July 2023

The Steiny Road to Operadom | Karren LaLonde Alenier | www.scene4.com

How does a poet make
an audience remember her?

Karren Alenier

Here's the situation, the Steiny Road Poet was given five minutes in a 90-minute program featuring over 20 performers of poets and musicians. This program, taking place June 13, 2023, at the DC Arts Club of Washington, was the tenth annual Voice as Bridge, an event conceived by poet and playwright Grace Cavalieri who for 46 years continues to feature other poets in her nationally broadcast radio show from the United States Library of Congress known as "The Poet and the Poem."




Steiny's assignment was to translate one of her poems into French. Since Steiny wanted to make this project worth her time, she chose one of her signature poems. "Leo on Seesaw" is the language poem featured in her jazz opera with Bill Banfield. The poem hinges on the relationship Gertrude Stein had with her brother Leo in Paris when they were breaking off their time together.


                                         for the pleasure
                                         of Gertrude Stein

    little Buddha                  little brooder
    Kleiner Bruder               tiny brother
    bitty bother                     sitting baldly
    in the butter                    in the batter
       shaking philosophic digits
                       in the kitchen
                       for the Kuchen
                       has been eaten
                       by the kitten
    wearing mittens        in the winter
    hiding splinters         in his fingers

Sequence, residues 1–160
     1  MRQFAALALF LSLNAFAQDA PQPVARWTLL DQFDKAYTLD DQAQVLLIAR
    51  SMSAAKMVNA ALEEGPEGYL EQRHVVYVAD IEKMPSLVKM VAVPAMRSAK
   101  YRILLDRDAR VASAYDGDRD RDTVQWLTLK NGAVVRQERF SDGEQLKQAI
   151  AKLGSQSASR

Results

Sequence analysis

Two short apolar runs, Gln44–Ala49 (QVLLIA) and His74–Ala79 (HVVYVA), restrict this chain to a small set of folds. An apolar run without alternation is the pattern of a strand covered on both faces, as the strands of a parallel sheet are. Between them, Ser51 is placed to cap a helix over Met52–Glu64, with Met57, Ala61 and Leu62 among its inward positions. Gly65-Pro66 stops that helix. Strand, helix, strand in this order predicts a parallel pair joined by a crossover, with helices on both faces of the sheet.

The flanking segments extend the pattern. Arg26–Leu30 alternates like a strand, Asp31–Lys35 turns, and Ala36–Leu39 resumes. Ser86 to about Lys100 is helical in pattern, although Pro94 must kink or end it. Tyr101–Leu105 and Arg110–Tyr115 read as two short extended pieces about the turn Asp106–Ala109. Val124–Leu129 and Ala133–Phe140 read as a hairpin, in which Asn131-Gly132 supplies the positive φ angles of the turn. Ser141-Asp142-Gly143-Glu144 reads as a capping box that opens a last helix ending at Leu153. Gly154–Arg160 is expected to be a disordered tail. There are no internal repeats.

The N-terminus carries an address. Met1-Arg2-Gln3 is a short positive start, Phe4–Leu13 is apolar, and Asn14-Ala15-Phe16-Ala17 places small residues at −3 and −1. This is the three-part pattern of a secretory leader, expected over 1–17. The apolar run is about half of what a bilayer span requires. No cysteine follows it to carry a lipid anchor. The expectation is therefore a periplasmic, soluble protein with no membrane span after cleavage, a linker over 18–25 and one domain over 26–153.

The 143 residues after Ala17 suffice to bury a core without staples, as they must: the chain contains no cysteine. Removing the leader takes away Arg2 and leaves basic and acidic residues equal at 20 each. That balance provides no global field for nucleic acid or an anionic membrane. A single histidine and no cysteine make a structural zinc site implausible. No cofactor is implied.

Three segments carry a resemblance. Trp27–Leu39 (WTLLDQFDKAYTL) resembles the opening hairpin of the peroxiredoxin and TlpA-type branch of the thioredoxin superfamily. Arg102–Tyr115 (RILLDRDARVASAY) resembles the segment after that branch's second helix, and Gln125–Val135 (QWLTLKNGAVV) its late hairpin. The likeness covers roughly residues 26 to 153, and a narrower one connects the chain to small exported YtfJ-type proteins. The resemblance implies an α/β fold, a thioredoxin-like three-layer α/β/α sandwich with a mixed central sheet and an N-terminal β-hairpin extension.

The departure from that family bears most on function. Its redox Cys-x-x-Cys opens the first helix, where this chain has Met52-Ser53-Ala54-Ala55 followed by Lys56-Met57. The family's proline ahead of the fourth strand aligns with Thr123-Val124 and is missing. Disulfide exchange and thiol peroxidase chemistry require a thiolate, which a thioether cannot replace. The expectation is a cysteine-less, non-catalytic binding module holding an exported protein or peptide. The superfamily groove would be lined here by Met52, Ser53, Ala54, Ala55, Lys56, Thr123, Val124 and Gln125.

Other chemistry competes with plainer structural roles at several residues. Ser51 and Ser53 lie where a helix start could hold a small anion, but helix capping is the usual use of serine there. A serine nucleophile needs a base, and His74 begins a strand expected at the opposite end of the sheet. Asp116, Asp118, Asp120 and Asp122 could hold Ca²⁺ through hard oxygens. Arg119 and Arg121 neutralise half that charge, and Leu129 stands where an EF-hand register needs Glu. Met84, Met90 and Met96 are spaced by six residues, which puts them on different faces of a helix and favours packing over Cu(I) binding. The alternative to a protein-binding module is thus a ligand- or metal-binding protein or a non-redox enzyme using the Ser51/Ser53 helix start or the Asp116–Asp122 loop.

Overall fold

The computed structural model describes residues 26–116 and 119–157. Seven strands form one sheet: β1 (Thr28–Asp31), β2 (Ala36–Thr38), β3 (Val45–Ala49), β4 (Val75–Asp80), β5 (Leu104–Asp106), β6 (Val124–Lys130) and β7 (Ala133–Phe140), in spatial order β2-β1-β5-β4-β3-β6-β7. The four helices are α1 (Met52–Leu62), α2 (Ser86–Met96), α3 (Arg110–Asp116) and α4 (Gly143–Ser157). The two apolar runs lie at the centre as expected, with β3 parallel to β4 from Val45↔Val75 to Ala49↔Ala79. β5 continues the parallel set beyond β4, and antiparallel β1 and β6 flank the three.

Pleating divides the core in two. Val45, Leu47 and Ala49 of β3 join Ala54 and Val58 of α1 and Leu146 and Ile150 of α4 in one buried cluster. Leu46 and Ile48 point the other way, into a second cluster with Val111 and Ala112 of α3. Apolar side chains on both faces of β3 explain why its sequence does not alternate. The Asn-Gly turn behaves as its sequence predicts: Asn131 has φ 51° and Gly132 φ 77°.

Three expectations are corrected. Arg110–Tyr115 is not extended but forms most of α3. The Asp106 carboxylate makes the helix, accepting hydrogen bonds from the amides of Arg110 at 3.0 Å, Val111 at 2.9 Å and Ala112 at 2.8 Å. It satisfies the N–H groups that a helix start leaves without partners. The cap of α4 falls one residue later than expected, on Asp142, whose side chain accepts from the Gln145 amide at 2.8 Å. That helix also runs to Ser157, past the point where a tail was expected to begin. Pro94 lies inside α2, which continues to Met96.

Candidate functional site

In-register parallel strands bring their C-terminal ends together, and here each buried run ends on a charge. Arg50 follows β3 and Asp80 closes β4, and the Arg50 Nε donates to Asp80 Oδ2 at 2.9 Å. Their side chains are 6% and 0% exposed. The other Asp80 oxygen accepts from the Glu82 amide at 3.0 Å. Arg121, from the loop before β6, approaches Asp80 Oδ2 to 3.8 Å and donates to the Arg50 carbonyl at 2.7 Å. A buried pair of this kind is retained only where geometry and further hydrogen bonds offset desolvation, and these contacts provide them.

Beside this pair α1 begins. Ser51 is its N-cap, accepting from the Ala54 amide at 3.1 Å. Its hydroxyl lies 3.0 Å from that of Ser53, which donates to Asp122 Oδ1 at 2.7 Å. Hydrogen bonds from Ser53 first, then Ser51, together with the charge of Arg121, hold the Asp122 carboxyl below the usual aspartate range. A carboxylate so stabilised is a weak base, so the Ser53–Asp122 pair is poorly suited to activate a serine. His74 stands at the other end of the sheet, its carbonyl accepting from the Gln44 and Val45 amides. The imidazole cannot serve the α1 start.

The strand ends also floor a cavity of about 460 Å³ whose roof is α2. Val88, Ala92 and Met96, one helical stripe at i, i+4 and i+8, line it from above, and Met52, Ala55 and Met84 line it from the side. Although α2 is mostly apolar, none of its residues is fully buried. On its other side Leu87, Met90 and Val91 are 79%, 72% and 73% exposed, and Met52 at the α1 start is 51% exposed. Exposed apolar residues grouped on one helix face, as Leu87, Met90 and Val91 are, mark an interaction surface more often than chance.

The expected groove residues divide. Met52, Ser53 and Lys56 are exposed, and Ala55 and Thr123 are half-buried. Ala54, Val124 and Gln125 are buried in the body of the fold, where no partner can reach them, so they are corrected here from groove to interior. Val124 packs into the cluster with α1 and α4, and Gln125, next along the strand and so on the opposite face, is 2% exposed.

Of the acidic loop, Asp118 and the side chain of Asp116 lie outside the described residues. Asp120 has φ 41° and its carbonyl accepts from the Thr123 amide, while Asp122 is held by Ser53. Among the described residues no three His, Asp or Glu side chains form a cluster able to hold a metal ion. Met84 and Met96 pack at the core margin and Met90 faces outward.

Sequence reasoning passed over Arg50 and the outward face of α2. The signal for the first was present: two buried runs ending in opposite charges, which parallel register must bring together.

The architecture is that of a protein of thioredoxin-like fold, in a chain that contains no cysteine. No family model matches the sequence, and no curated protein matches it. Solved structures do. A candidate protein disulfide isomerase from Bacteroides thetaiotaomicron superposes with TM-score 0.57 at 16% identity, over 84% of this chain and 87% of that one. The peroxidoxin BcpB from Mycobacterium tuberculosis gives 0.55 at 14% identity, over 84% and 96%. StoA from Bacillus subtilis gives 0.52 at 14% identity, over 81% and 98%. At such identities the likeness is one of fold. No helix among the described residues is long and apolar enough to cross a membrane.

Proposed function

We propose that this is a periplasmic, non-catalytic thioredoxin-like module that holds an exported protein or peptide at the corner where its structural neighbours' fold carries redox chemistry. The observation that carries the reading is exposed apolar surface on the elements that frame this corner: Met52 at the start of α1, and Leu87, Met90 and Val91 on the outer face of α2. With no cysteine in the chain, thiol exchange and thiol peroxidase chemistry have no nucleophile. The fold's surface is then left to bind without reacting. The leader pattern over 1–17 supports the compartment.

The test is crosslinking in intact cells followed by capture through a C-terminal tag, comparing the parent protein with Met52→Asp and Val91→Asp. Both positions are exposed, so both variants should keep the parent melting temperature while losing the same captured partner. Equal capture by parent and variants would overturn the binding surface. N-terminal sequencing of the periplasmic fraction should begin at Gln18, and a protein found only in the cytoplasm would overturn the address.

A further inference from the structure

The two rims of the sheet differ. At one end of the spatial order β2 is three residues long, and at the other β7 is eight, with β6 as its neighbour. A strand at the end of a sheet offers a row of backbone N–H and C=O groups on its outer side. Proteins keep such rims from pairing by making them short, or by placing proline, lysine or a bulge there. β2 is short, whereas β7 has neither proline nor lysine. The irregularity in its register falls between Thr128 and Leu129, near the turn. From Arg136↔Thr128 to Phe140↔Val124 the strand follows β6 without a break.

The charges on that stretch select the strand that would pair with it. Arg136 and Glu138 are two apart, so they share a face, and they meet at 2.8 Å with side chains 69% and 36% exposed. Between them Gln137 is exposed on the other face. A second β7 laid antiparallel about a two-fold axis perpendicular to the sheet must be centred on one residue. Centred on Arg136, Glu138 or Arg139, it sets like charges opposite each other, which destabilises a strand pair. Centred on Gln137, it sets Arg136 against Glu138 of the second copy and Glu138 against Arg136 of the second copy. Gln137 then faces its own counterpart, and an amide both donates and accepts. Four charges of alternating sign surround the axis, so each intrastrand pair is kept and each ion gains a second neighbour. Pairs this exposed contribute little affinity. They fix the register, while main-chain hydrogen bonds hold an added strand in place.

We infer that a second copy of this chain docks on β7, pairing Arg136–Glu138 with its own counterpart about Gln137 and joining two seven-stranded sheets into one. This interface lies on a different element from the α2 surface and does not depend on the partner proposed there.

finding spiders
                     in the cracks
                     of the plaster
                     So we laughed
    twenty HA HA HA HA HA
           in metered breathing
                     something close
                       to the day
                      he was born

The poem has a driving rhythm and energy that animates even people who don't speak fluent English or no English at all. Steiny recited this poem in a class of 10-year-olds who wore their coats to keep warm and who were perpetual motion machines because Chinese buildings lack central heat and the stove used instead produces carbon monoxide, so the windows are opened. These children of Xian, China, suddenly stopped moving and listened with rapt attention while Steiny recited her poem. She also had the experience of a Chinese porter on a riverboat cruising down the Yangtze River reciting "Leo on Seesaw" to her after Steiny was part of an evening's talent show that was videoed. The Chinese man spoke no English, the children, on the other hand, had learned a few English words.


As many people know, Robert Frost defined poetry as something that cannot be translated. Now intensify this declaration by making the poem a language poem in which meaning is not the primary focus. The Israeli poet Moshe Dor admired one of Steiny's language poems about a hot tub enjoyed in Japan, but he said he didn't know how to translate it. That made Steiny realize when the Voice as Bridge assignment came along that the best person to translate "Leo on Seesaw" was Steiny herself. This means that Steiny could focus on the way a translation sounds and not worry about the word-for-word translation.